I maintain that there is ample data to argue that environmental factors play a role in the development of myopia. Genetic models do not explain the prevalence rates of myopia, especially the drastic increase in recent generations in certain populations (i.e., Asian). It is also my opinion that there could be variants of myopia (i.e., moderate and pathological myopia subtypes) that may respond differently to environmental factors (e.g., quantity of near work). Studies utilizing large group statistics in a general population would fail to demonstrate a relationship between myopia and individual environmental factors (e.g, quantity of near work) if the variants are small in number and not subtyped a priori. It may very well be that the degree of nearwork may have little impact on folks with an inherited or otherwise acquired tendency toward simple or moderate myopia. But that may not be the case for ALL individuals with myopia. And there may also be other causative environmental variables at play as well.
I take such a stance not only because of my own interpretation of all the available data, but because in doing an informal study (highly anecdotal and subjective, I know) within my five sibling group, I can easily identify the quantity of nearwork done by each child during childhood and adolescence and the degree of myopia as an adult and find a perfect correlation. The odds of that occurring merely by chance are incredibly rare. Additionally, as I research my maternal history, including the deceased (several relatives have/had high or extreme myopia), those adults who were widely known as the "readers" or most educated in the family have/had the highest degree of myopia.
I love science. Sometimes it takes a preponderance of studies and creative ways to ask the question that leads to discovery. I say that the jury is still out.
Kg17 thanks for the input. Beware the tyranny of small numbers. Your family study group is seriously underepowered statistically.
Much agreed - I didn't mean to imply that I calculated a true correlation coefficient. Just want to provide food for fodder.
As is typical for medical research, however, sometimes it is the collection of "case studies" that provides the impetus for larger, better clinically controlled studies that attempt to answer the question in different, unique ways.
Interesting take on the issue kg17.
Given your response, would you advocate for a similar study, to the one above, replacing the population with a different ethnic group (I haven't actually read the article yet, but I'm assuming the subjects were all Asian) to see if the results held true? After all, isn't the true benchmark of sound science rooted in reliability and validity?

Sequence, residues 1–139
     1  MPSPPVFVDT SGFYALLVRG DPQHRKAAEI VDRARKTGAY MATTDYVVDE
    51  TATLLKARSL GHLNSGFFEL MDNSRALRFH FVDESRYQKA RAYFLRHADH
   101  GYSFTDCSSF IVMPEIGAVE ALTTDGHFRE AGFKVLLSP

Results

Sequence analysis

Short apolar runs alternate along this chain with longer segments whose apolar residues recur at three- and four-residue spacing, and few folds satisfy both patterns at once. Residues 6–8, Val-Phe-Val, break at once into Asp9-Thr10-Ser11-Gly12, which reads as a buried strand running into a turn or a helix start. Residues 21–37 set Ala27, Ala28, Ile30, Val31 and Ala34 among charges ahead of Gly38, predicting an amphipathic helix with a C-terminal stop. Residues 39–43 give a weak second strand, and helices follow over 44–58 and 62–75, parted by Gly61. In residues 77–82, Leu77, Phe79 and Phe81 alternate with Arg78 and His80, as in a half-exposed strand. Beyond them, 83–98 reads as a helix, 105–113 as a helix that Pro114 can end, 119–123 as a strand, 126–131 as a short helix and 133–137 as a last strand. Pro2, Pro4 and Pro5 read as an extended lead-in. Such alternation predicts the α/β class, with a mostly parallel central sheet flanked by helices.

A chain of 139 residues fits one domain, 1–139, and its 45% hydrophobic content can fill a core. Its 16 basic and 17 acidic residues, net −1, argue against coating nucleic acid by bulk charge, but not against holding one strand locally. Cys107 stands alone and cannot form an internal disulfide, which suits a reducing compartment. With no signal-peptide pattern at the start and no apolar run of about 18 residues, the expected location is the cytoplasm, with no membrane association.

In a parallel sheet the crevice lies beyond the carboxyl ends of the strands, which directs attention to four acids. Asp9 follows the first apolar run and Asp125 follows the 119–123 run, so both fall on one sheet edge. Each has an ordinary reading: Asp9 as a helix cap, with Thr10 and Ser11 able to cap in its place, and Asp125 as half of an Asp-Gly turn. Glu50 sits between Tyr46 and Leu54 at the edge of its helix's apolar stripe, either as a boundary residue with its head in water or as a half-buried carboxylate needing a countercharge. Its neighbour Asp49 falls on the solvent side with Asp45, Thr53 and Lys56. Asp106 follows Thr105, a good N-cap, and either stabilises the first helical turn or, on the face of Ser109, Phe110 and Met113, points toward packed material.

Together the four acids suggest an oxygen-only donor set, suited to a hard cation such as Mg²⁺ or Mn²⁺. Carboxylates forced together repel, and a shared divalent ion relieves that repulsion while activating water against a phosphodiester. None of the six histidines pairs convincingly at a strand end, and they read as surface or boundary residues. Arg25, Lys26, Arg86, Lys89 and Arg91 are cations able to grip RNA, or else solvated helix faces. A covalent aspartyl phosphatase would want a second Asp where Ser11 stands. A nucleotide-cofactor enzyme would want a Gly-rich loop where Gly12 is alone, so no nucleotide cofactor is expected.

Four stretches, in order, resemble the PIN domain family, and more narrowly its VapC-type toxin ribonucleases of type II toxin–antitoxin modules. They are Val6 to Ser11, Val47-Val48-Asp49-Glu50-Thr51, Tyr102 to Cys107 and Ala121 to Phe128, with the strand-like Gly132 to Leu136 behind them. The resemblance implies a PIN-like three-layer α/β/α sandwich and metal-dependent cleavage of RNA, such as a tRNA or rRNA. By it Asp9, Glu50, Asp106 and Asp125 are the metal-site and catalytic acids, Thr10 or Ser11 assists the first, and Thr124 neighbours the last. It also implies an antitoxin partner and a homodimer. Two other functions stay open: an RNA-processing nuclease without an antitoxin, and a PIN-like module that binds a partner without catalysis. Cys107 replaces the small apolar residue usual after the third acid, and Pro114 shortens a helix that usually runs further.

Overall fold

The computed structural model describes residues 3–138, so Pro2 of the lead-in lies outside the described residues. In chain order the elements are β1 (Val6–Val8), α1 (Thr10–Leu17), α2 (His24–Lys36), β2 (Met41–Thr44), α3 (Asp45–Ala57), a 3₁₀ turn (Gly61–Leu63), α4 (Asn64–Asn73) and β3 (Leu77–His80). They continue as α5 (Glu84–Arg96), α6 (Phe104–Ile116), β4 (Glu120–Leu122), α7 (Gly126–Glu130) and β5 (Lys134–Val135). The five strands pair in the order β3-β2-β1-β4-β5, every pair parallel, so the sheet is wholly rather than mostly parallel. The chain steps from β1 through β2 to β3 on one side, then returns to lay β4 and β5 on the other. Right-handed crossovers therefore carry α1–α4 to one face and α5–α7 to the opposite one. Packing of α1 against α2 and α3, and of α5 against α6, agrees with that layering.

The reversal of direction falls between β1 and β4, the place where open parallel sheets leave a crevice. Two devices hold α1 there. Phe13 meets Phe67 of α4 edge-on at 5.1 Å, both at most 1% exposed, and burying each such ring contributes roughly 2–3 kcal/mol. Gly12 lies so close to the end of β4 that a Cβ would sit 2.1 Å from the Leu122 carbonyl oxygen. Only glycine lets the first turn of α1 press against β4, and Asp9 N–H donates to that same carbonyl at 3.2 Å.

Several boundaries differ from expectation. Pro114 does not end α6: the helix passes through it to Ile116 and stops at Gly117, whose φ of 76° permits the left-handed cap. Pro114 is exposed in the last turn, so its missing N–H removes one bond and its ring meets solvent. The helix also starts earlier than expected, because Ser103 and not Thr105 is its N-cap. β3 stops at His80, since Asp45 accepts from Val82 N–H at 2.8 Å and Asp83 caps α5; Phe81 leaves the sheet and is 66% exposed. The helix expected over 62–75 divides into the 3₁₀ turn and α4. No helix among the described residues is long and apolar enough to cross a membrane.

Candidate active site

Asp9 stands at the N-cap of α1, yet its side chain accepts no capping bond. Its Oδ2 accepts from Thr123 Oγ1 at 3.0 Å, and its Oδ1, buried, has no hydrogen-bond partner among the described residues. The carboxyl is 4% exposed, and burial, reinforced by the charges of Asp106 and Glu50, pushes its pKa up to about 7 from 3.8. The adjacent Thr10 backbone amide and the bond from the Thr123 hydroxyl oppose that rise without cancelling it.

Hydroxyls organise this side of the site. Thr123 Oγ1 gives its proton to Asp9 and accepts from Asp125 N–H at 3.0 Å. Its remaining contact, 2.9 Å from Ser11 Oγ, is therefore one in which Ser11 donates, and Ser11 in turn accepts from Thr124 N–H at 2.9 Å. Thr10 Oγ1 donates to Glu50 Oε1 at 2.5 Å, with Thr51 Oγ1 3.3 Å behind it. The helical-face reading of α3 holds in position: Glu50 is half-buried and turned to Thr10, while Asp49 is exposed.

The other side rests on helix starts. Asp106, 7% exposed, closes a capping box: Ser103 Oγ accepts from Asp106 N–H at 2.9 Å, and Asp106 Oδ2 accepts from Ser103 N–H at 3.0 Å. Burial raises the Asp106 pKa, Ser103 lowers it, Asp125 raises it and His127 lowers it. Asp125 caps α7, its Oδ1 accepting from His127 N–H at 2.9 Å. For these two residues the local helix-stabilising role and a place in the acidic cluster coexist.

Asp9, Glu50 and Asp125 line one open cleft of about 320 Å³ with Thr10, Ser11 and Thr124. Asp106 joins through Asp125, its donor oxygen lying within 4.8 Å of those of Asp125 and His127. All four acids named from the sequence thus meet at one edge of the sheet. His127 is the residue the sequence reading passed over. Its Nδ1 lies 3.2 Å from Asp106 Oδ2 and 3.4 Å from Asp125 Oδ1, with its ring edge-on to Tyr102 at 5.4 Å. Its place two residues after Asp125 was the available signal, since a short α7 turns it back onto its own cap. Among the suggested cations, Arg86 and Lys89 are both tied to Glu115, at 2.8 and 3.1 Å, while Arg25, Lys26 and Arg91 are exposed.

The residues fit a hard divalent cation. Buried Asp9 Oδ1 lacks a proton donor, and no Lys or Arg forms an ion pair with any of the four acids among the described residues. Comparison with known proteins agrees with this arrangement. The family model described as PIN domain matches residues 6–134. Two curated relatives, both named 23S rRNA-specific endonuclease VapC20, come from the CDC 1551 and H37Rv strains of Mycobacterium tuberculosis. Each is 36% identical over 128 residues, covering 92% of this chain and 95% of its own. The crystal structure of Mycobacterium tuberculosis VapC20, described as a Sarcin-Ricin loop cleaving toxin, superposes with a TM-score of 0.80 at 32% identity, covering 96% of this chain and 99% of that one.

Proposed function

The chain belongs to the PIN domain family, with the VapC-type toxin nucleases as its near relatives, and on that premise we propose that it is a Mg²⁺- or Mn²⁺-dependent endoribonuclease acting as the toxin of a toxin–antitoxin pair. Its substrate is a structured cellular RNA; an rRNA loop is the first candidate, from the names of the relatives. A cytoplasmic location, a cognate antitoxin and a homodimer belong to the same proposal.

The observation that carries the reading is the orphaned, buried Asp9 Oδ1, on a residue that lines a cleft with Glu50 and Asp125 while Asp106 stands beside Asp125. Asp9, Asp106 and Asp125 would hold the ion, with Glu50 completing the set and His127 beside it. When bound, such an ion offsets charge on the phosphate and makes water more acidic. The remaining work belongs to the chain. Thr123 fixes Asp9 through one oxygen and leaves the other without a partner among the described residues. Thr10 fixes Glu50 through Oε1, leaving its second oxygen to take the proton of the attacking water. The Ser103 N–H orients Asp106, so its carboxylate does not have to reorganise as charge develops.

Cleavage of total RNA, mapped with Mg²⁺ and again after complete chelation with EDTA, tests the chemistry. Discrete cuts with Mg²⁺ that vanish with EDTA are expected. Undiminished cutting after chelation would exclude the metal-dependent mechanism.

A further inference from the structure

Remember correlation does not equal causation.
Yeh I do not believe for one second that near work leads to myopia or increases its progression, I don't even need to read the study, there is literally hundreds identical studies going back decades. That idea is a red herring that has led to a wild goose chase for decades and has wasted countless resources.
In any case it is a moot point in my opinion, we already know what the cause of the symptoms of severe myopia is, it is the progressive elongation of the eye beyond the growth years. The question is why does that happen? There are clearly defects in the collagen make-up of highly myopic eyes, very poor choroidal circulation, questionable IOP problems and areas of severe weakness in the scleral wall leading to the dreaded staphyloma. Now throw into the mix lifestyle factors such as diet (fish oil, vitamins), exercise (weight lifting - bad idea), occupation (i.e. active vs. sedentary), habits (eye rubbing, squinting = very bad) and you have some big problems just waiting to happen. Of course lifestyle plays a role and of course this is a multigenic (many genes) disorder but we essentially know what the underlying cause is and we can probably fix it already if resources were thrown in that direction. The comical thing is that all of the relevant information has been around for decades but no-one is even bothering to do the studies anymore and given most scientists and MDs inability to go to a bloody library and pull out a journal prior to 1990, we are now going backwards. I mean are we seriously still talking about NEAR WORK? Who bloody cares? People are losing their vision because of a bulge sticking out the back of their eye which you can see with your own eyes. What difference does it make if you studied for a BSc or a PhD or not at all. There are countless studies of teenagers losing sight to myopic degeneration. Was that because they started reading in the womb? No, it is because they have a bloody great big bulge out of the back of their eye and their axial length is off the chart. You can't blame the retina for cracking under the pressure, it has no other option than to crumble to pieces. Let's get real here and stop wasting money on pointless and pathetic attempts at scientific research.